Japan's Prime Minister Shinzo Abe has had his way by ramming through key legislation that would permit his forces to fight overseas for the first time since World War II.
The move is clearly unpopular with large sections of his people, including the young, who were generally considered apathetic to politics.
That Mr Abe chose to ignore his sliding ratings to push the Bills, and that his Liberal Democratic Party stands unflinchingly with him, speak both for the seriousness of his resolve and his grip on his party.
There was similar opposition when Japan joined United Nations peacekeeping operations in 1992, and when it sent troops to Iraq in 2004 for construction projects. Nevertheless, Mr Abe must have spent the weekend grateful that he is not Australian.
China's negative reaction, and the overt and unspoken endorsement of his actions by several other Asian powers, speak for Asia's current preoccupations where Beijing's assertive posture under President Xi Jinping is wrinkling brows.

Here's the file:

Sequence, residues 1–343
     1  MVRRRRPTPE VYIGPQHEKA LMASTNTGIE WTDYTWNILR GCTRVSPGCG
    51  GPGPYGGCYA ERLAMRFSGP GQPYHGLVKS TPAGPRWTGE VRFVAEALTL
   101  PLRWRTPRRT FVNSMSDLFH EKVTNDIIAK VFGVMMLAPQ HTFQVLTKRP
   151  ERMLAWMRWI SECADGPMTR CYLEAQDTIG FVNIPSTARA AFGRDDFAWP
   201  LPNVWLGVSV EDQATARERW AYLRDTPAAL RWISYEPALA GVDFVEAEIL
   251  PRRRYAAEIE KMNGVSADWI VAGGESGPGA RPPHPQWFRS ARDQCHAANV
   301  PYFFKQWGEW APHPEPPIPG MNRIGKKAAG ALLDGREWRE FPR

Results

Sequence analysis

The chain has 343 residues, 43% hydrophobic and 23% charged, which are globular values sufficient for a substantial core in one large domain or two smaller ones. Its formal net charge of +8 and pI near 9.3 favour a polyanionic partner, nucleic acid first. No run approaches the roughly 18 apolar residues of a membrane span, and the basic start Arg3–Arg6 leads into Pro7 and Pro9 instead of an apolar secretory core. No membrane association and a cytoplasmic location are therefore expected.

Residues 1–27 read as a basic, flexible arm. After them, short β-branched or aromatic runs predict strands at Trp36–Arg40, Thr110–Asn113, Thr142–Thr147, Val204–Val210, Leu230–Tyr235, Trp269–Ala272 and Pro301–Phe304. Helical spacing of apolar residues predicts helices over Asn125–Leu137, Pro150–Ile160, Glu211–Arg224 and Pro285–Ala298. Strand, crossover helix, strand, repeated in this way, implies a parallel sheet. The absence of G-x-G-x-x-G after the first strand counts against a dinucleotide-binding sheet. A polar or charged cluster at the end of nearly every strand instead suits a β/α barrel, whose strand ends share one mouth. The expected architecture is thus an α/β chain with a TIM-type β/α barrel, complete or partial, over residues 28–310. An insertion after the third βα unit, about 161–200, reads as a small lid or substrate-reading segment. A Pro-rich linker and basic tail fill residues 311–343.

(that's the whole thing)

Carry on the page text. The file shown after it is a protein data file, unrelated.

The China factor, alongside his personal reluctance to cede Japan's dominance of Asia, are no doubt his principal motivations, besides worry that United States commitment to Japan's security may wane in future.
But there is another unspoken issue: fear of a unified Korea and, should that happen, the unpredictability of its strategic direction. Notably, South Korean President Park Geun Hye was a rare US ally to turn up for China's impressive military parade marking victory over Japan.
Mr Abe could have helped his cause with an unequivocal apology for Japan's wartime atrocities. That he did not do so, even as he called his predecessors' apologies "unshakeable", speaks of poor statesmanship. Mr Xi also missed an opportunity to project China's greatest post-war achievement - raising 500 million people from poverty.
Mr Abe can now focus on the economy. More than his troops, Asia needs its No. 2 economy to be healthy for its wider security.